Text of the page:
A field epidemiologist, Dr. Ademola Lawal, has advised that shanty dwellers and Internally Displaced Persons’ (IDP) camps should be vaccinated against Cerebral Spinal Meningitis (CSM) to prevent its spread.
In an interview with the News Agency of Nigeria (NAN) in Abuja, also said Lawal said Nigerians should be wary of dwelling in crowded areas to avoid contracting the disease.
He said the disease, which had an incubation period of between two days and 10 days, had the ability to spread through the air and cause death if not checked.
According to him, “CSM is an inflammatory disease of the covering of the brain. It is caused by two main organisms, Nessira Menigiltidis and it is highly contagious.
“Many people can contact it, but only a few people come down with the symptom, and they can die. People who dwell in shanties and crowded places like the IDP camps are most vulnerable to contracting it; government should do all it can to vaccinate such people against CSM.”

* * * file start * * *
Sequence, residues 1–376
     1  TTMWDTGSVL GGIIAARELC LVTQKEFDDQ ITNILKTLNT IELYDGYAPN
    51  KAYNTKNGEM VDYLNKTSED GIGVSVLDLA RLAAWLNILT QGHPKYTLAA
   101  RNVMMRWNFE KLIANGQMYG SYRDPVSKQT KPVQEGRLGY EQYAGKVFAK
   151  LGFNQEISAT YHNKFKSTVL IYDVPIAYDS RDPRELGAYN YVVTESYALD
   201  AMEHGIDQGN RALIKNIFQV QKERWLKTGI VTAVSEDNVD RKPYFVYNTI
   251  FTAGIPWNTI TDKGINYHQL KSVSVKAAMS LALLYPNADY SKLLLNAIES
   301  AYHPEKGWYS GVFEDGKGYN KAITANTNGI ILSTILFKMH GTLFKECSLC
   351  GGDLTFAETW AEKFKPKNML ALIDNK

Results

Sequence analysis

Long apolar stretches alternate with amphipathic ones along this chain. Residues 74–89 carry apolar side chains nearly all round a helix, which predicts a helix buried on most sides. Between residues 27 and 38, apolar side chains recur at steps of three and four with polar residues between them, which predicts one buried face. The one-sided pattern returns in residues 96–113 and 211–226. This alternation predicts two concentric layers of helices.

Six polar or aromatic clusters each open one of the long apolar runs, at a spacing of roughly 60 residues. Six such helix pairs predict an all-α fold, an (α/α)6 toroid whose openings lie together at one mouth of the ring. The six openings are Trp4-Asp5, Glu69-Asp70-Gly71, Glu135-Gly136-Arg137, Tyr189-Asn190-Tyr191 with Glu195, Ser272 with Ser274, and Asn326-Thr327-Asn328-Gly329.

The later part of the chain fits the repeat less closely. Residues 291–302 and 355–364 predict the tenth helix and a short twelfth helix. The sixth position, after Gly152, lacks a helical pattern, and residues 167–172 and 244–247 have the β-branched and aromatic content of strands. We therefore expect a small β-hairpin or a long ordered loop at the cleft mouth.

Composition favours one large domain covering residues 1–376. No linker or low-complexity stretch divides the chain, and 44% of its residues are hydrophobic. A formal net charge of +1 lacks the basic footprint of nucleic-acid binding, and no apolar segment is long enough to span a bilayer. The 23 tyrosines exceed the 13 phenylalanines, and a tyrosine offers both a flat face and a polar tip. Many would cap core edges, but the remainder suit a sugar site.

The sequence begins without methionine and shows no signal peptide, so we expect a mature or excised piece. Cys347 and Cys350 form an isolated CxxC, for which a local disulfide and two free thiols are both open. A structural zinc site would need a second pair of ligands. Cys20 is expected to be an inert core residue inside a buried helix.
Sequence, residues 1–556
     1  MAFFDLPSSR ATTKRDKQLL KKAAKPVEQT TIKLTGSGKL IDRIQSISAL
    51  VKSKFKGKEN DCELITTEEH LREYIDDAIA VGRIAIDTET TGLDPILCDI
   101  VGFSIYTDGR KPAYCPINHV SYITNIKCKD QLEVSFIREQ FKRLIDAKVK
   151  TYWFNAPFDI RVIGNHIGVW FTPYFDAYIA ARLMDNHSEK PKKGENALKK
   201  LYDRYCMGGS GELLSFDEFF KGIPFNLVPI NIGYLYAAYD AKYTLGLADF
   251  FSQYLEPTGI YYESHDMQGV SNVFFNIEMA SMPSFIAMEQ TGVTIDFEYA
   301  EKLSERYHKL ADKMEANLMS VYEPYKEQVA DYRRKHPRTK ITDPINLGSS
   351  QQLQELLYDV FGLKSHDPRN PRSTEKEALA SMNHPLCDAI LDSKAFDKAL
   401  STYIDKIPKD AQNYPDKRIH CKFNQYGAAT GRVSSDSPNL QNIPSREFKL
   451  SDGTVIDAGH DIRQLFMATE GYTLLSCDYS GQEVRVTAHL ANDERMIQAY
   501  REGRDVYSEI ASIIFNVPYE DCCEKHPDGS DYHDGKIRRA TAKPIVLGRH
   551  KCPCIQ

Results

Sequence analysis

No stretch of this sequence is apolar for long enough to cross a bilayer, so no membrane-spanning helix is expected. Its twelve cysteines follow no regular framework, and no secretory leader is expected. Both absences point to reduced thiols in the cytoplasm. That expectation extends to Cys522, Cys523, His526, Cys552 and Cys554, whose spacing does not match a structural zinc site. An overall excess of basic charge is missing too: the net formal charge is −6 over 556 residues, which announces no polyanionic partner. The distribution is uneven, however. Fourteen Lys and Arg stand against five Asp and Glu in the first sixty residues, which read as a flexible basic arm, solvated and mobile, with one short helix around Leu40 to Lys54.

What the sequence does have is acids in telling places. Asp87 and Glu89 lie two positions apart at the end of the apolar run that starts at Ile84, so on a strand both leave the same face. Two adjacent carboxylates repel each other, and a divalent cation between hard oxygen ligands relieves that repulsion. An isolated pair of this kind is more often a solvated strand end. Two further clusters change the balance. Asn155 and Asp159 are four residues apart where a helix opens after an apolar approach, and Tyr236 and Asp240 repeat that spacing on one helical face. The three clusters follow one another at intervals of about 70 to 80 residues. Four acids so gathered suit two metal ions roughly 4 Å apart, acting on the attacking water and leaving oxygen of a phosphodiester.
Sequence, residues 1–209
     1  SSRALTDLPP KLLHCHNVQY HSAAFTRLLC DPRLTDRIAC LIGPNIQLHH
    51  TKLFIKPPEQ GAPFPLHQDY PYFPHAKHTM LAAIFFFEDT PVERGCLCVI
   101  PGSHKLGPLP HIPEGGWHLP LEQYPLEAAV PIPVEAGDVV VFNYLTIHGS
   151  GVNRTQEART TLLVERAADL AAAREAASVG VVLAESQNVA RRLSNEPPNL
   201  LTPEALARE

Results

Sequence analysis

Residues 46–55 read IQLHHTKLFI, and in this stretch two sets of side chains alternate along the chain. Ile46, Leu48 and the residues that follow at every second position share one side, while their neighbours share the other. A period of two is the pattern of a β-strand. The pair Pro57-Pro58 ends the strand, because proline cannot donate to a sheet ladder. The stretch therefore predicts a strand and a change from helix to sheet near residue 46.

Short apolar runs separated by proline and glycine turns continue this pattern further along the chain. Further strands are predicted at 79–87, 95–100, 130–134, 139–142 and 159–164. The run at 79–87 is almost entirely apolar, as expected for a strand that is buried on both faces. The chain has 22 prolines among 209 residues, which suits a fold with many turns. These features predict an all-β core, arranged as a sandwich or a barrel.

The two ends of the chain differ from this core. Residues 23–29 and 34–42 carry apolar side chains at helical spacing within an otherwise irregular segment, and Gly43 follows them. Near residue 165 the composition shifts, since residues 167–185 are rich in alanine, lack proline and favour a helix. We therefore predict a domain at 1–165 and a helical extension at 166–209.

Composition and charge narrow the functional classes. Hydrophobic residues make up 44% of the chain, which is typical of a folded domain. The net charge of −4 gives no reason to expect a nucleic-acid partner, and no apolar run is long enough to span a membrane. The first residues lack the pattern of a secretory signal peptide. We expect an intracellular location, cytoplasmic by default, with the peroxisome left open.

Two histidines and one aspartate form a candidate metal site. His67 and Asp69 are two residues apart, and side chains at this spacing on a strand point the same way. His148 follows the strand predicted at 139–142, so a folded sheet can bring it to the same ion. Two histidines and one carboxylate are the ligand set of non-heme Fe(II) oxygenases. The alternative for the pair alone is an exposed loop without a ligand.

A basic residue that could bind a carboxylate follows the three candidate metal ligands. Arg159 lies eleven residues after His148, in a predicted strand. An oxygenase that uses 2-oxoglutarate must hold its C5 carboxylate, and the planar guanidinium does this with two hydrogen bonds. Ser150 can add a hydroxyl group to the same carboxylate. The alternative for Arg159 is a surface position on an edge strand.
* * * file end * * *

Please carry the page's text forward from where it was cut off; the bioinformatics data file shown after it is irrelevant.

The epidemiologist said the weather also plays a role in nurturing the virus that carries the disease, disclosing that though deadly, meningitis was treatable,
He advised that people who showed symptoms of the disease should be taken for immediate medical attention.
“Meningitis is dangerous but it is treatable, when we see people with symptoms like fever, cold hands and feet, vomiting, drowsiness, severe headache and stiff neck, they should be taken for medical attention,” he advised.
He said the meningitis vaccination programme that was hitherto funded for meningitis type `A’ had ended, adding that the country was now grappling with type C meningitis.
Said he: “It is important to know the exact type of meningitis in order to give the appropriate treatment.
“In the past, there was an international programme to vaccinate people in the meningial belt, which includes Nigeria, to ensure that everybody was vaccinated against the type A.
“People now have immunity against type A, but type C is prevalent now and there is no stockpile of vaccines for it. We do reactive vaccination.”